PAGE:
Discover the Isle of Arran, Scotland in miniature

Located on the west coast where the River Clyde joins the Atlantic Ocean, the 7th largest island in Scotland, concentrates all that the country has to offer in terms of change of scenery and discoveries, with the great advantage of being very easily accessible.

Traveling means making choices: in just a few days, in a country as big as Scotland, it is impossible to hit both the highlands and the beaches while enjoying moments of relaxation. But why choose when you have Arran, west of Glasgow with an ever-changing coastline, towering mountain peaks, sheltered beaches, verdant forests, cultural festivals and plenty of local produce? Follow the leader!

What to do in Arran


Brodick Castle, Gardens and Park is described by the National Trust for Scotland as “the epitome of a Victorian ‘Highland Estate'”. Visit Scotland / Photo press

The island is not devoid of history – and in Scotland, a place full of history means a popular place for castles. Arran had three, but only one still stands: Brodick Castle , which was the seat of the Dukes of Hamilton. On a guided tour through the opulent reception halls and cozy bedrooms, you can get a sense of the fortunes and misfortunes of one of the country’s most powerful aristocratic families, and what led to the castle family being ceded to National Trust of Scotland, the body responsible for protecting Scotland’s historic heritage. The other two castles lie in ruins: Kildonan on the southern tip of the island, is no more than a relic, but Lochranza Castle , at the opposite end, is worth a visit. This castle would have inspired what appears in it The black islandthe Adventures of Tintin album.


Glen Rosa, a peaceful valley at the foot of Goat Fell. Visit Scotland / Photo press

By culture, nature: thanks to the fault line of the Highlands, which runs from Arran to the north-east of Scotland, and which forms the natural border between the lowlands in the south and the highlands in the north, these two types of environments meet on the island. The most athletic can set off to tackle Goat Fell mountain, the highest point on the island at 874 metres: from Brodick Castle, there is a path of about 5 kilometers that you can take to enjoy an impressive panorama of the island – on sunny days you can even see neighboring Northern Ireland. For a slightly less physical walk, go to Glen Rosea peaceful valley at the foot of goat fell : Follow the rocky paths along the river, and if you don’t do the whole hike from Brodick, at least go to the waterfall and blue pool.

FOR the Butterflies

Arran is also famous for its cheddar: a cheese that can be seasoned in fantastic ways. Visit Scotland / Photo press

Arran is lucky to have the cleanest water in Scotland: it is found at Loch na Davie. It is good: it is in this lake that the Arran Distillery, i Lochranza, draws its raw material for its whiskey, filtered and softened by granite and peat. The distillery offers guided tours that allow you to better understand the process of making this spirit, ending with a tasting with advice from the guide who reminds us that whiskey is more than a drink: it is an experience to be take the time to Direct ! The distillery also has an excellent café: ideal for a lunch break or for a cup of tea.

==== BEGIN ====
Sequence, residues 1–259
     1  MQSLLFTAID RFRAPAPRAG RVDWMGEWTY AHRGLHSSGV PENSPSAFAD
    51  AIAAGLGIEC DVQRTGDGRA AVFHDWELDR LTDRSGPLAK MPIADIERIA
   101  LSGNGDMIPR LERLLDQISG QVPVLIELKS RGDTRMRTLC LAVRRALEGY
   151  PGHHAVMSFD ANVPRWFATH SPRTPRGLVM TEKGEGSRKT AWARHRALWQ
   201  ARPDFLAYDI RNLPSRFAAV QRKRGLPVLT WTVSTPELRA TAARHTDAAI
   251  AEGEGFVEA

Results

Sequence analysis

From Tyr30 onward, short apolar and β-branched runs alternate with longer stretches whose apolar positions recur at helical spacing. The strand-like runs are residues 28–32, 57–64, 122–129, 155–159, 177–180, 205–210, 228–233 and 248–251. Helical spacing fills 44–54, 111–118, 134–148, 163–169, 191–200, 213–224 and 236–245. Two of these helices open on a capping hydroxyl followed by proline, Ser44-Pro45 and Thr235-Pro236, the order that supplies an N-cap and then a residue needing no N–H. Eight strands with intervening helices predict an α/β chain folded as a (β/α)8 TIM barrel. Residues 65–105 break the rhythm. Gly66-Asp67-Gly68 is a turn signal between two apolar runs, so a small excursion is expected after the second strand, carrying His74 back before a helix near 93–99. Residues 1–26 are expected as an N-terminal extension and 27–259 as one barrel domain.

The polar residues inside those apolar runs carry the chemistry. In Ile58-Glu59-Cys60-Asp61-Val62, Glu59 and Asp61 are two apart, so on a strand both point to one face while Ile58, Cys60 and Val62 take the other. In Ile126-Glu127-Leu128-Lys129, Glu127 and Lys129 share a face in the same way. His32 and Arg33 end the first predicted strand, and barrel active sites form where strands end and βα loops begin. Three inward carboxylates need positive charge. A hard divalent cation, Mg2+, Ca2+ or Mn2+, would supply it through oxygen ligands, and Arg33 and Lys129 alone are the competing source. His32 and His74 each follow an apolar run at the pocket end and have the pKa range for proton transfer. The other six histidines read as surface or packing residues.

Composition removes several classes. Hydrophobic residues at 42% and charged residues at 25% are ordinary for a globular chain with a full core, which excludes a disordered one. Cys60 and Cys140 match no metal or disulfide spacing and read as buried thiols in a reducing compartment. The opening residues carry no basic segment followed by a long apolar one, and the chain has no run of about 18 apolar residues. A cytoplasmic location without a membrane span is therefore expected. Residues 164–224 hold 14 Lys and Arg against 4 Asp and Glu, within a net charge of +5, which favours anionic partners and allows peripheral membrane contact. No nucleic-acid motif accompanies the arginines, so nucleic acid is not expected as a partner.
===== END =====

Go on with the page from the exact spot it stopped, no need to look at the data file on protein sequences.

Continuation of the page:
Arran is also known for its cheddar: a cheese often thought of as bland but which can be seasoned in surprising ways. Try the delicious herb cheddar, the garlic cheddar or – more unexpectedly – ​​the ginger cheddar, which goes perfectly with a good chutney on a biscuit for an aperitif. To find some, go to the nearby Arran Cheese Shop brodick.

While you’re nearby, check out Arran Aromatics, one of Scotland’s best-known cosmetics brands, which tries to capture the spirit of Arran through its perfumes, candles and soaps. Arran’s Brewery is also nearby.


The easiest way to get to Arran is from Glasgow: from Glasgow Central Station take the train for 45 minutes to Ardrossan, the terminus. The station is close to the ferry terminal: only a few minutes’ walk to board to Arran. If you book your travel ticket in advance, Scotrail, Scotland’s national rail company, offers combined train and ferry tickets: search for a route from Glasgow to Brodick, the capital of Arran, to see timetables and prices that suit you (costs around €25 a road). It is also possible to buy a ticket directly at the ferry terminal, but if you have a vehicle, you must book your crossing online.

The boat crossing from the mainland to Arran is very fast: no time to be seasick because in 55 minutes it’s over! Take the opportunity to try dolphin spotting and don’t miss the view of the island when you arrive. Valleys, green forests, mountains, calm seas: from the deck of the boat you will realize the diversity of Arran’s environment.

Our best addresses in Arran


Auchrannie Resort

Auchrannie Resort offers a rejuvenating stay on the outskirts of Brodick. Auchrannie Resort / Photo Press

With its restaurant, its spa with swimming pool, jacuzzi, sauna and hammam, Auchrannie Resort offers a rejuvenating stay on the outskirts of Brodick. The rooms are comfortable: we like the view of the hotel’s beautiful gardens, the palette of soft colors, the typical country house look with tartan cushions and, above all, the ultra-soft beds. You’d almost want to spend your entire stay there, but it would be a shame to miss out on all that Arran has to offer…

Auchrannie Resort, Auchrannie Rd, Brodick, Isle of Arran KA27 8BZ. Such. : +44 (0)1770 302234. From €105 per night for a double room.


Crofters, Knox House, Shore Road, Brodick KA27 8AJ. +44 (0)1770 302579.

Brambles Seafood + Grill, Auchrannie Rd, Brodick KA27 8BZ. Tel.: +44 (0)1770 302234.

CASKS Cafe, Lochranza, KA27 8HJ. Such. : +44 (0)1770 830264.

To know more : Visit Arran and VisitScotland.

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